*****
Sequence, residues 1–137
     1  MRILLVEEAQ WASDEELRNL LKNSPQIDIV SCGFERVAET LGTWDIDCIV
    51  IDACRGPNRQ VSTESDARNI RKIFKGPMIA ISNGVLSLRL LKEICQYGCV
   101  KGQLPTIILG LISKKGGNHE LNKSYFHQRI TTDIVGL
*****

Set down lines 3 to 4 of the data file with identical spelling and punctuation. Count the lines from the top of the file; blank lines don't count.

    51  IDACRGPNRQ VSTESDARNI RKIFKGPMIA ISNGVLSLRL LKEICQYGCV
   101  KGQLPTIILG LISKKGGNHE LNKSYFHQRI TTDIVGL